8. Smoke House. If you’re looking for something light and casual — and less pricey — Smoke House in .
  9. Soulfood House. If you’re missing home this Christmas day, invite yourself to Soulfood House in .
  10. The Tavern – Grill & Lounge. Re-launched in April 2018, The Tavern – Grill & Lounge welcomes .


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  • Colonel Santa. Another lucky coincidence is the Kentucky Fried Chicken mascot’s physical …


9 Japanese special occasion dishes you …

  1. Osechi Ryouri (January 1st to 3rd, New Year) PIXTA. Osechi Ryouri is a special dish eaten during the .
  2. Zouni (New Year) Hitoshi Taguchi/Flickr. Zouni (or o-zouni) is mochi cooked with vegetables and is .
  3. Nanakusa gayu (January 7th) FlickreviewR/Wikimedia Commons. Nori Norisa/Flickr. Nanakusa gayu .
  4. Kagami biraki (January 11th or 20th) midorisyu/Flickr. Kagami biraki is to eat the mochi which was .
  5. Chirashi zushi (March 3rd, Girl’s Day) Arashiyama/Flickr. Chirashi zushi is sushi rice with various .
  6. Shoujin Ryouri (August 14th and 15th, Obon) David Z./ Flickr. Shoujin ryouri is cuisine made of .
  7. Eel (Doyou no ushi no hi) Naotake Murayama/Flickr. Eel is eaten on Doyou no ushi no hi. Doyou no .
  8. Pumpkin (Winter Solstice) uptownyumiko/Flickr. A pumpkin is eaten on winter solstice. There is a .
  9. Toshikoshi Soba (New Year’s Eve) PIXTA. The custom of eating soba noodles at the end of the year .


There aren’t many Christmas traditions that involve taking a stroll to the local KFC to buy a bucket of wings with some mashed potatoes. That is unless you live in Japan. KFC is not only a common Christmas option but has been the preferred choice for Christmas meals for over 40 years.

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Japan culture sees KFC become Christmas dinner | WHILE we’re all tucking into a turkey dinner, across the North Atlantic (and then.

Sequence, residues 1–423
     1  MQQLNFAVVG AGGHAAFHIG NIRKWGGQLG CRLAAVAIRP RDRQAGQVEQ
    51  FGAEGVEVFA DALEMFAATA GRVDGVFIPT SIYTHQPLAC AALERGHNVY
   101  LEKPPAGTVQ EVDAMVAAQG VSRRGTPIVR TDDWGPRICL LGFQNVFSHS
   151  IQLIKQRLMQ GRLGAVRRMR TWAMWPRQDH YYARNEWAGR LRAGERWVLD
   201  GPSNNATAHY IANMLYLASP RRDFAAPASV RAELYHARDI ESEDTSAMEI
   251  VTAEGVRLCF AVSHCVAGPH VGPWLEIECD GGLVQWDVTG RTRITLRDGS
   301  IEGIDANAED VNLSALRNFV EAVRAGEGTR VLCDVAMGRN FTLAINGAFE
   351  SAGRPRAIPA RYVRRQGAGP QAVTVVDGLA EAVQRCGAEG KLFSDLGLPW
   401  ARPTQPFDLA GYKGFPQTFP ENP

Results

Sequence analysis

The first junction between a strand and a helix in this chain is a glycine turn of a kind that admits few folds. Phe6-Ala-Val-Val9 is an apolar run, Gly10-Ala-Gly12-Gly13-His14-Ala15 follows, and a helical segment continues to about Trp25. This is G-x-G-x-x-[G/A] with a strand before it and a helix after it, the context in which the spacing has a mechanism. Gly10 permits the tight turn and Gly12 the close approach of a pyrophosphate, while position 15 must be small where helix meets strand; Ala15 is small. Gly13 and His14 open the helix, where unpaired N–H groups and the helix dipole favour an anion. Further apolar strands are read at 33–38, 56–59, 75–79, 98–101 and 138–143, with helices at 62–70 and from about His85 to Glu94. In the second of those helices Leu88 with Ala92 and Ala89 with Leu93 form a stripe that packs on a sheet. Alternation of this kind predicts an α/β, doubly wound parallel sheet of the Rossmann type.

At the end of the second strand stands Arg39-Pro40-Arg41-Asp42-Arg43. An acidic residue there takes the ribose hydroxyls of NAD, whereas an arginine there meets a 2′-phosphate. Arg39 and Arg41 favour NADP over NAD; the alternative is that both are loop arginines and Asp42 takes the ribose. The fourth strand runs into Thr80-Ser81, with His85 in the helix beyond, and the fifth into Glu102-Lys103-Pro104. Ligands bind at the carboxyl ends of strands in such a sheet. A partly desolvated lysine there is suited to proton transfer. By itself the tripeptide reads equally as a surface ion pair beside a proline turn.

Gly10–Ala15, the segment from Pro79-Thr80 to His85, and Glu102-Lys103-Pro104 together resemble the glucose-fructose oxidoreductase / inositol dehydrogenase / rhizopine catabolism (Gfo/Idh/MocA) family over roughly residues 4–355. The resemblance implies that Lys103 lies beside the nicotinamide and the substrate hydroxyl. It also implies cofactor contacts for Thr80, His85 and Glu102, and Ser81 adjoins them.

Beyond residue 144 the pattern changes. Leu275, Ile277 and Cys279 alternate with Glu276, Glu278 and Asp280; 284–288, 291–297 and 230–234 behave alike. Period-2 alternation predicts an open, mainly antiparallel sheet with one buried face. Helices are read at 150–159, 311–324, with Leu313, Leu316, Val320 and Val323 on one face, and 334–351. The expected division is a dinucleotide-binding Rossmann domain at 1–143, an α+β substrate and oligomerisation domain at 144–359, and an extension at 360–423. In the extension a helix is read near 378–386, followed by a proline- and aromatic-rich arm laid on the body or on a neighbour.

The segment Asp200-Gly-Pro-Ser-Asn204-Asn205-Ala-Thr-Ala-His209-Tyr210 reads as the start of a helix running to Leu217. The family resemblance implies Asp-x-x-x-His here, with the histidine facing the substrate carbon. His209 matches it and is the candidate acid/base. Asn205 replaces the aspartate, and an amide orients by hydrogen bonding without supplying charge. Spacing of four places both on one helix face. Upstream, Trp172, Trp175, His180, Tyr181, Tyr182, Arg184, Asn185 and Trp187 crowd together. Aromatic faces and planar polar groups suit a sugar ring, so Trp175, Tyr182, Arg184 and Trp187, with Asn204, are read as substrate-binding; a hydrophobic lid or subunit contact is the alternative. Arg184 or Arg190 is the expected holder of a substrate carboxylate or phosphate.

Why Japan Is Obsessed With Kentucky Fried Chicken on Christmas

It’s Christmas Eve in Japan. Little boys and girls pull on their coats, the twinkle of anticipation in their eyes. Keeping the tradition alive, they will trek with their families to feast at.

As I mentioned Christmas in Japan is all about the fried chicken. If it is store bought, it’s almost always purchased at KFC. This global fast food corporation has done a swell job of commercializing Christmas here and it’s become engrained into the Japanese diet in the weeks leading up to Christmas Day.

Best Answer. Copy. THEY eat KFC and have have Christmas cake , but its not like normal Christmas cake its got chocolate or vanilla icing. in japan the.

When they break fast for Christmas dinner, it usually includes rooster doro wat, a meat stew; hardboiled eggs in sauce; and injera, which is a flat.

How KFC Became a Christmas Tradition in Japan

KFC helped build secular and commercial traditions with the simple message: “At Christmas, you eat chicken.” Merry Christmas from Japan メリークリスマス. A photo posted by Jo.

“There was no tradition of Christmas in Japan, and so KFC came in and said, this is what you should do on Christmas.” The Christmas special meals have evolved and offer fried chicken, cake, and wine. The founder and symbol of KFC, Colonel Sanders, shows up every year on billboards as Santa Claus. A holiday special indeed.